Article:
Adishi: holy city

Copyright Keith Kenney, 2011

Adishi is a small village, 6,000 feet above sea level, in the Svaneti region of Georgia. Nine families live in this village in the Greater Caucasus Mountains throughout the year, and another six families live in the village during the summer. Other families have moved away. In 1987, avalanches destroyed several homes in the area and killed seventy people, mostly school children. In the aftermath, the Soviet Union resettled some 2,500 families, including almost all the families in Adishi, to valleys of eastern Georgia.

People in Adishi milk their cows and make cheese daily. They trade their cheese for grain, which they use to bake bread in wood-burning stoves. They also grow potatoes, the only crop suitable for its terrain. Most cash comes from backpacking tourists. People in Adishi don’t have extravagant desires; they want a better road, which will enable them to have a supply of food during winters, and a more reliable supply of electricity.

Their best hope for economic growth may be to expand tourism, especially eco-tourism. Ecotourism is responsible travel that respects the environment and improves the conditions of local communities. It’s a broad term that comprises various activities – from sports (rafting) to culture (studying the traditions of Svaneti’s towers). According to the Deputy Chairman of the Department for Tourism and Resorts, ecotourism can make living in mountain areas sustainable. He said that house renting, guide services and horse riding are revitalizing local economies.

Copyright Susanna Melo, 2011

It helps that UNESCO designated the Upper Svaneti region of the Caucasus as a World Heritage site. UNESCO bestowed this honor because the area has exceptional mountain scenery and it has preserved to a remarkable degree its medieval-type villages and tower-houses. UNESCO World Heritage Centre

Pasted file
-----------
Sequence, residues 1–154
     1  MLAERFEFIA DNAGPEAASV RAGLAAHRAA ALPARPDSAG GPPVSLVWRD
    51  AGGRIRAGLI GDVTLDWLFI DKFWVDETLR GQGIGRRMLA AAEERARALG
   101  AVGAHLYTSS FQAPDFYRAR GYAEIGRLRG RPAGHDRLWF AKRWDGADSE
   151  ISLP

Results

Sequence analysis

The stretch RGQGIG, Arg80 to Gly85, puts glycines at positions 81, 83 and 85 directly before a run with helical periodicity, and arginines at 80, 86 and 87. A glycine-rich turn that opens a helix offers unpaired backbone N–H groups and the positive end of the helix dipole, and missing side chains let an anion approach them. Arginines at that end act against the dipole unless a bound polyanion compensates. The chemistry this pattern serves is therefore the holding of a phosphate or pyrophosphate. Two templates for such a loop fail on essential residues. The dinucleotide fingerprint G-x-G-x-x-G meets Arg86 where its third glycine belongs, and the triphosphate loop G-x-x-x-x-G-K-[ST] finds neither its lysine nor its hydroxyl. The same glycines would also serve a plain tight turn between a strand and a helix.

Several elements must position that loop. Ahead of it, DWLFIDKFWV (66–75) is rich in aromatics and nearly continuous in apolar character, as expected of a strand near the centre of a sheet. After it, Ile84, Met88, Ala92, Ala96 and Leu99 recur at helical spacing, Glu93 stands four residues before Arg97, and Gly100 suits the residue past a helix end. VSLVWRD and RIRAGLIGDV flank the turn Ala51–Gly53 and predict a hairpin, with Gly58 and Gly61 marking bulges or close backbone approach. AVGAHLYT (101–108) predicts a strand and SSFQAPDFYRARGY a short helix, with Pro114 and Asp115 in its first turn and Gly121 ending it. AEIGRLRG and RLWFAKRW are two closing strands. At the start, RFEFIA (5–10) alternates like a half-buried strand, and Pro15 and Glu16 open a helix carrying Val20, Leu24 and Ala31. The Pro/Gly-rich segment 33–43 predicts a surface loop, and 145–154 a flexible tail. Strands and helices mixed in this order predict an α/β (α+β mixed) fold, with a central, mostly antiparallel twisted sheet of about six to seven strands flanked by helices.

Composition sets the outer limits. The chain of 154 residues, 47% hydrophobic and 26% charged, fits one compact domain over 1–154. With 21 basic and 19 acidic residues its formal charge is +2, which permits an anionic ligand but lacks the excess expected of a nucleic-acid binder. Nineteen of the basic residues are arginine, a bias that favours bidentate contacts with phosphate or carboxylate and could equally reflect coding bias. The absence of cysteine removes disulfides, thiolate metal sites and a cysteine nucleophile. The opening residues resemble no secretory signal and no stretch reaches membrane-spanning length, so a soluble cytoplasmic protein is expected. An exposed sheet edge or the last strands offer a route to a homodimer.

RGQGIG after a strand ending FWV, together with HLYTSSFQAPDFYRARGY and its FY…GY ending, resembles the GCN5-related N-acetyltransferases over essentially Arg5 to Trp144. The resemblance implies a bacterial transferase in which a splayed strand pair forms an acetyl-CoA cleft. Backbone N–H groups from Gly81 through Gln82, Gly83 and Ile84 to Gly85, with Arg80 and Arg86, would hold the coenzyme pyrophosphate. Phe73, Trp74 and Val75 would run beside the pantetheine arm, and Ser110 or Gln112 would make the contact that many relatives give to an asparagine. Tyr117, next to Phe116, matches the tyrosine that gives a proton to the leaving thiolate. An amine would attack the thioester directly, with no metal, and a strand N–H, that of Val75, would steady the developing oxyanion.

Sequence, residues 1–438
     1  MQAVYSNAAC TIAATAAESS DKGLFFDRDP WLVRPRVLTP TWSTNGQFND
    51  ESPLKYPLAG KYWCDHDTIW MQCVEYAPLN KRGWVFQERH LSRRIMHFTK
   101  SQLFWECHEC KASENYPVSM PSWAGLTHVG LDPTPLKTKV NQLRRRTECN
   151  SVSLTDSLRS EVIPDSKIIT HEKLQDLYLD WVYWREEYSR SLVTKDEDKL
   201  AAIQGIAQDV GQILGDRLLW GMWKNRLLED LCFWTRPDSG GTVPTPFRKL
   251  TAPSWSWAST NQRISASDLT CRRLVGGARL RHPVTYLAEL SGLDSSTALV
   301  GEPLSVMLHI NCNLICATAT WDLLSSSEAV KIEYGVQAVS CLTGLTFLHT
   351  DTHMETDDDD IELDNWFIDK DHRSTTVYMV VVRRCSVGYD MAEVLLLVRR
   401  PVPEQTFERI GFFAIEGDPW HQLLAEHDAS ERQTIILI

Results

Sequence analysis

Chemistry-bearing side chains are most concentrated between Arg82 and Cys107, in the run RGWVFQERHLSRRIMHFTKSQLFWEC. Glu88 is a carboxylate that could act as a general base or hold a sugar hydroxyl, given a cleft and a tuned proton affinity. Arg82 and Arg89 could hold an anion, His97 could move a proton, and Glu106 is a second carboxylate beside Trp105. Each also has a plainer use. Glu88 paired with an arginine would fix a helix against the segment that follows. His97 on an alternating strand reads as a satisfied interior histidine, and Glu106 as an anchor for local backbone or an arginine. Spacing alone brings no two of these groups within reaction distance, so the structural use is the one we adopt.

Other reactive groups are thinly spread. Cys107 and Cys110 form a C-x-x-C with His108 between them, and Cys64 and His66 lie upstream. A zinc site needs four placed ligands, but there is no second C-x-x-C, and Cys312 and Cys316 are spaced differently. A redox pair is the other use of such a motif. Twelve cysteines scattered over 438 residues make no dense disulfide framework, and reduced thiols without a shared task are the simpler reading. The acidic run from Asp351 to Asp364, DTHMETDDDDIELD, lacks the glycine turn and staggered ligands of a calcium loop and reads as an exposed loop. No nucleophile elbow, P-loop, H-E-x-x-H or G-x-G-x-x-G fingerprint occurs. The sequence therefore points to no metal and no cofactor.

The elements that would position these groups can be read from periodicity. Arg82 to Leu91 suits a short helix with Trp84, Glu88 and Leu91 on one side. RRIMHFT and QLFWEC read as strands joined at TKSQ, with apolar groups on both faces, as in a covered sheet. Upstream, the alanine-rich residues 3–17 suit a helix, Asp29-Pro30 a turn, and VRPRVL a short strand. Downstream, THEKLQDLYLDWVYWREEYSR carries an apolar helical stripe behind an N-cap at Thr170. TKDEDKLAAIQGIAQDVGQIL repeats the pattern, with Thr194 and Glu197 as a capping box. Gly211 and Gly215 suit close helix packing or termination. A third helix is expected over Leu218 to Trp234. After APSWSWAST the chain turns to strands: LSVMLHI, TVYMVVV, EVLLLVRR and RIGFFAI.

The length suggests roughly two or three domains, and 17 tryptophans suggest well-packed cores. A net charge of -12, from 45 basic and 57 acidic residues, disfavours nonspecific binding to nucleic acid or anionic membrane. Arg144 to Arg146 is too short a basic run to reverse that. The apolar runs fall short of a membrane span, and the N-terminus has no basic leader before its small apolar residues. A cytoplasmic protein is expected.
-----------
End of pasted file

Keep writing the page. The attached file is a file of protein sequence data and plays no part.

When tourists saw my video team at work, they asked, “Why Adishi?” I respond that it is a small village, with defense towers dating back to the 11th and 12th centuries, beautiful scenery, and that it maintains old Svaneti traditions. Then the tourists might say that Svaneti has several such towns, which is true. So I asked some residents what makes Adishi special.

Copyright Keith Kenney, 2011

They explained that Adishi is a holy place. It has seven churches, and in one church you can view an icon dating back to the 10th Century, but I need to check on this fact. No fact checking is required, however, when stating that the Adysh Bibles were preserved there for centuries. This important early medieval (897) book is the oldest dated extant manuscript of the Georgian version of the Gospels. It was created in a monastery in what is now northeastern Turkey and it was later brought to Adishi.